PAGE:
Ensuring that tech investments pay off

In the last 18 months, businesses have experienced unprecedented rapid digital transformation, onboarding new technologies at pace in response to the pandemic. According to a recent survey by Deloitte, 85% of CEOs agreed that their organisation’s digital transformation had accelerated during the crisis. In the UK alone in 2020, business investments in tech reached a record high total of £11 billion, and is on track to accelerate even further this year, with approximately £6 billion invested in Q1 alone.

However, in most cases, these tech investments have been made to create solutions for short term problems, with less of a focus on long term business strategy. As we now move beyond the pandemic, it’s going to be important for businesses to see a return on tech investments in the long term.

Aligning tech investments with business objectives

The first way to establish whether tech investments can provide true long-term value is to align them alongside business objectives. By being clear in target outcomes before onboarding a new technology, this will allow organisations to ensure that their investments are effectively helping them to achieve their goals. Whatever these outcomes might be – improving employee productivity, cost savings, increasing efficiency – it is crucial for businesses to align them with their digital strategy.

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The importance of KPIs

Once businesses have set these objectives, they can then set key performance indicators (KPIs) to validate whether the technology that has been implemented is actually serving its purpose. Research carried out by AppLearn last year found that only 12% of organisations measure the success of their tech investments after one year, falling to 5% after three years. It means that many businesses fail to see a return on investment for the (often large) sums of money they put towards new technologies. It could also result in missed opportunities, with changes in the way employees interact with software as it updates and evolves going unnoticed. Setting and measuring KPIs regularly will allow businesses to see a clear, tangible difference in the long-term and monitor the continued effectiveness of technology investments.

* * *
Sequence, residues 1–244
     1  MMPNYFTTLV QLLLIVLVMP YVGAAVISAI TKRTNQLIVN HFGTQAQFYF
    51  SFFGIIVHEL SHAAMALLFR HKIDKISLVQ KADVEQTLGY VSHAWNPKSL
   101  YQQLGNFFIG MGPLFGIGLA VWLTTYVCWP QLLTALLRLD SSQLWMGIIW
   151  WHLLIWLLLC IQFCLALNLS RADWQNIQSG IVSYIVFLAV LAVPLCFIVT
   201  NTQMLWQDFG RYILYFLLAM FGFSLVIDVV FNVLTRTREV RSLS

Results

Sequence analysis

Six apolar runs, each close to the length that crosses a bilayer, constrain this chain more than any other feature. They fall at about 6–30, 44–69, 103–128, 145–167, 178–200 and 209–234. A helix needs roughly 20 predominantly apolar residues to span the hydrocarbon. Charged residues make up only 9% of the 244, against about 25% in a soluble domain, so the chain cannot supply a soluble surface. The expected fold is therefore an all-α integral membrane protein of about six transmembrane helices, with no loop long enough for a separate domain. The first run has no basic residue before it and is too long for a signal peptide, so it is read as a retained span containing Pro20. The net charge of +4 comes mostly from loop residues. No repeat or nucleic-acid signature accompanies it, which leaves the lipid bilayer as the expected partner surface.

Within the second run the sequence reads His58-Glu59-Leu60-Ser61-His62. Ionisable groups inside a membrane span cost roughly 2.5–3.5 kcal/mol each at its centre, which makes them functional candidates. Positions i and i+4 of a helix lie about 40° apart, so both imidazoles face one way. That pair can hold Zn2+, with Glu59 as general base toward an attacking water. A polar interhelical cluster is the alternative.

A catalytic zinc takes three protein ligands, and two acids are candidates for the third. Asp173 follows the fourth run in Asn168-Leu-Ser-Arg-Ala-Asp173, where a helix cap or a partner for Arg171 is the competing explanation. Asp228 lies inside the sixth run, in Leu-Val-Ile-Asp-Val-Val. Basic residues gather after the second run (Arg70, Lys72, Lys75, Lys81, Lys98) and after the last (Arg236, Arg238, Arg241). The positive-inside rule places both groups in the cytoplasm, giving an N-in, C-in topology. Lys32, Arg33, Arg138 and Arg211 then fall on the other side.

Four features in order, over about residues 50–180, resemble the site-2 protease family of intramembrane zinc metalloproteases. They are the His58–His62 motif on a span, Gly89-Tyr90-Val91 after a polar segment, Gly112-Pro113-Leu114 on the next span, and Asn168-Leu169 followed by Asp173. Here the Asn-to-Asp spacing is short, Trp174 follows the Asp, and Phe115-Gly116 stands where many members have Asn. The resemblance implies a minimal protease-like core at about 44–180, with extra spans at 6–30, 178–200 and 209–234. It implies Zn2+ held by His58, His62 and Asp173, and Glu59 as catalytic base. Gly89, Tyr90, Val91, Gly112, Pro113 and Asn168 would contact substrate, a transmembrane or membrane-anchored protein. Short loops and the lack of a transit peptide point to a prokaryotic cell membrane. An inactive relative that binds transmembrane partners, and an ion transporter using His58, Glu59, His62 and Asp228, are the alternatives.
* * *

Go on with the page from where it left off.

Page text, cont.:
Identifying the metrics that matter

After setting objectives and KPIs, businesses can then use these to measure the effectiveness of their tech investments. To maintain long-term productivity, it is important not to focus on surface level vanity metrics and instead monitor areas that will prove useful when determining the effectiveness of technology; for example, are employees spending less time searching for software support, boosting productivity levels?

According to a recent report by Everest Group, there are three levels of user analytics which should be considered by the different stakeholders within a business:

  • Tactical analytics: these should be used to understand the user experience when using new software, including the time spent navigating tasks within applications, task error and completion rates, what pages users have visited, or whether they’ve looked for support.
  • Strategic analytics: these should be used to assess the efficiency and productivity gains created by new technology.
  • Financial analytics: these should be used to determine cost reduction and revenue generated by new software.

These three levels of user analytics are all crucial for businesses to understand how their employees are engaging with digital platforms in their daily tasks. Evaluating and assessing them will help determine where support is needed, and whether improvements can be made in line with business objectives.

As workplace digitalisation continues its path of rapid acceleration, it is vital for businesses to act now to ensure tech investments pay off and deliver results. Setting objectives, KPIs and closely monitoring user analytics will help to establish if new tech investments are truly effective and improving business efficiency and employee experience in the long-term.

Written by Andrew Avanessian, CEO of AppLearn

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